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issues : violence : media violence debates

Media Violence Debates

Bowling for ColumbineThe issue of media violence just doesn't go away. The debate raged when the Reagan administration deregulated children's television in the United States, and was revisited after the Montreal massacre on December 6, 1989. And the rash of high school shootings in North America and Europe at the end of the century has fuelled the debate anew.

Many pundits argue that media violence is at least partly to blame for the school shootings in Littleton, Colorado, Taber, Alberta and Erfurt, Germany. Ex-army psychologist Dave Grossman, a leading American activist, points the finger squarely at movies and video games. He argues that Hollywood films have desensitized kids to the consequences of violence, and video games have taught them how to handle a gun. But others, like psychiatrist Serge Tisseron, maintain, "just because a film has a murder scene doesn't mean people are going to commit the act... That overstates the power of the image and under-estimates the role of parents."

It is important to recognize that the discussion is not a purely scientific one. Social scientists have been unable to establish clearly that media violence causes real-life aggression. As early as 1985, Anthony Smith noted that the demand for "evidence" was driven more by the intensity of the debate than the desire to find definitive answers: "Social science has gotten itself into something of a scrape in the matter of television, especially in the area of violence; none of the various sides of the argument about violence will permit social science to depart the field." (For a review of the scientific literature, see Research on the Effects of Media Violence in the menu below.)

Media Violence as a Public Health Issue

On the other hand, many social scientists have concluded that there is a weak correlation between watching media violence and real life aggression—enough to convince organizations like the Canadian Pediatric Society and the American Medical Association that media violence is a public health issue. After all, governments don't wait for scientific certainty before they act to protect the public from smoking or drinking; all that's required is proof of a risk. If there is evidence that an activity or substance will increase the probability of negative effects, then the state is justified in intervening.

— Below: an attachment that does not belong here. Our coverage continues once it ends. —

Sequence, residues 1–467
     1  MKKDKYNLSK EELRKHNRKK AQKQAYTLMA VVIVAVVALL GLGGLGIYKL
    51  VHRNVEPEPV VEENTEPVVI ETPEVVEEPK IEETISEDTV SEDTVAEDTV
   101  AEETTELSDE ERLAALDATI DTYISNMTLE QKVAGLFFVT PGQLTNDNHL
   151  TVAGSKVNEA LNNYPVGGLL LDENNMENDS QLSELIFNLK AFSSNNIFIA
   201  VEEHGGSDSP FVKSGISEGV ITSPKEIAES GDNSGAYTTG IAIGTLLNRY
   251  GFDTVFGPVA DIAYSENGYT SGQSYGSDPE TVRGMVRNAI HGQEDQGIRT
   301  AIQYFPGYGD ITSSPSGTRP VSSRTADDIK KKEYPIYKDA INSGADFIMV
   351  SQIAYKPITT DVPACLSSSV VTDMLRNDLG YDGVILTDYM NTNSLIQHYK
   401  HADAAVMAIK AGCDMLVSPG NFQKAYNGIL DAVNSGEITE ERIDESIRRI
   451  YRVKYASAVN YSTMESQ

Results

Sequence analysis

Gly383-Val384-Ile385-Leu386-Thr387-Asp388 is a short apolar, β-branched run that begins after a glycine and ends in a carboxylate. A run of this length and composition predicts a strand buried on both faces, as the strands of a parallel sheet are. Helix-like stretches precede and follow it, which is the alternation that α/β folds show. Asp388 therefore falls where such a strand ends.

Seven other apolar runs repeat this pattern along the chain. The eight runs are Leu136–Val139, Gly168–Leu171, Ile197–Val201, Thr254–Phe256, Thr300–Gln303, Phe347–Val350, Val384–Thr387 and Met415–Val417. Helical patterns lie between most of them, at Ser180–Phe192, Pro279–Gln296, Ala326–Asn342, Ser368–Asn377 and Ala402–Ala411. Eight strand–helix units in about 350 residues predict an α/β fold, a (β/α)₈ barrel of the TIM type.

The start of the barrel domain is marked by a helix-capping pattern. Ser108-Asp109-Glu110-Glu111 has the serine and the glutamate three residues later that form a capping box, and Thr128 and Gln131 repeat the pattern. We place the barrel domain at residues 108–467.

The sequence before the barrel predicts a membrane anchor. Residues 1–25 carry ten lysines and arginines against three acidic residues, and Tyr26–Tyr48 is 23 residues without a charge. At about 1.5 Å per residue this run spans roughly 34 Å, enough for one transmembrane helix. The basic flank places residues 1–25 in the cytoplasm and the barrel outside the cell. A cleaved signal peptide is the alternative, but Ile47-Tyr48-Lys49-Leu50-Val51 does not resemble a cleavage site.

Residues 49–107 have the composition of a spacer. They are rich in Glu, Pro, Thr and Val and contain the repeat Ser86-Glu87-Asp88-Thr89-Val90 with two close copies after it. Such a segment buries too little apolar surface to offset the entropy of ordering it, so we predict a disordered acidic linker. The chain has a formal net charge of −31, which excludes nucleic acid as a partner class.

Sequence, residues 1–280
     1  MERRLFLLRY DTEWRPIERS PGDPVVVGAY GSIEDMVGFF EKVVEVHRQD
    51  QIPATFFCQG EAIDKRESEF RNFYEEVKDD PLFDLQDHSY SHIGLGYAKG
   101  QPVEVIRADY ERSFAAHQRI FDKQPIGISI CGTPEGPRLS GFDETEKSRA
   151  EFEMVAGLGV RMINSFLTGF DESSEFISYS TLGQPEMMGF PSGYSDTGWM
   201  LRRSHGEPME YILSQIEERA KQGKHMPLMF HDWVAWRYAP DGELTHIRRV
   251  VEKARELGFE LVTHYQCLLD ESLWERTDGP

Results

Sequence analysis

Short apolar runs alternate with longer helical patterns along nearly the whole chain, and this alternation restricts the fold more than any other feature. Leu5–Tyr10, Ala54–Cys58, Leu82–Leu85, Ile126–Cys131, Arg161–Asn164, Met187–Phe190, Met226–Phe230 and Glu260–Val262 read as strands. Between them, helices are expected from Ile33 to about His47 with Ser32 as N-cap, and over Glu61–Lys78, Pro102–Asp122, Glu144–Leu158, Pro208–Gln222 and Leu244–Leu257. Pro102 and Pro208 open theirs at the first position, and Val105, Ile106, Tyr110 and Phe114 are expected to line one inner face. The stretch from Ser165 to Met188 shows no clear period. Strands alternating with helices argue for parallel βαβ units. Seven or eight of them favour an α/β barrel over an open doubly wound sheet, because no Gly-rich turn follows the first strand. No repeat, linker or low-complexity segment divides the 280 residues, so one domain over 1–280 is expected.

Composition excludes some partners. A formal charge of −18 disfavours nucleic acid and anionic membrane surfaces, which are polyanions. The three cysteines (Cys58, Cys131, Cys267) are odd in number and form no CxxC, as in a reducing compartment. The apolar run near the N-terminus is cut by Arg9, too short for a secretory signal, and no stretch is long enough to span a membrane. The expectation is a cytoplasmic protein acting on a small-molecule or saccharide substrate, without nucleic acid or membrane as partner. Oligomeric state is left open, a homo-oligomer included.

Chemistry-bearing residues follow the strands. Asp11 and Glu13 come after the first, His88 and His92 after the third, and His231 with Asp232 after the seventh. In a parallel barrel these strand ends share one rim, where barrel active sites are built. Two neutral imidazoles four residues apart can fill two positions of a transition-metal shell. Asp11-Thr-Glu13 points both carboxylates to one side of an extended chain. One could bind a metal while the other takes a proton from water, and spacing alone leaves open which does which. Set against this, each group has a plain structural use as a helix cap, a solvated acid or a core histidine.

Media Violence as Artistic Expression

However, others maintain that the crusade against media violence is a form of censorship that, if successful, would seriously hamper artistic expression. Researchers R. Hodge and D. Tripp, for example, argue that, "Media violence is qualitatively different from real violence: it is a natural signifier of conflict and difference, and without representations of conflict, art of the past and present would be seriously impoverished."

We've found that every aspect of even the trashiest pop-culture story can have its own developmental function... Identification with a rebellious, even destructive, hero helps children learn to push back against a modern culture that cultivates fear and teaches dependency.

(Source: Gerard Jones, Violent Media is Good for Kids, 2000)

Many commentators, from artists to film makers to historians, agree. Comic-book creator Gerard Jones contends that violent video games, movies, music and comic books enable people to pull themselves out of emotional traps, "integrating the scariest, most fervently denied fragments of their psyches into fuller sense of selfhood through fantasies of superhuman combat and destruction." Pullitzer-Prize-winning author Richard Rhodes says that video game violence enables young people to safely challenge their feelings of powerlessness.

Psychologist Melanie Moore concludes:

"Fear, greed, power-hunger, rage: these are aspects of our selves that we try not to experience in our lives but often want, even need, to experience vicariously through stories of others. Children need violent entertainment in order to explore the inescapable feelings that they've been taught to deny, and to reintegrate those feelings into a more whole, more complex, more resilient selfhood."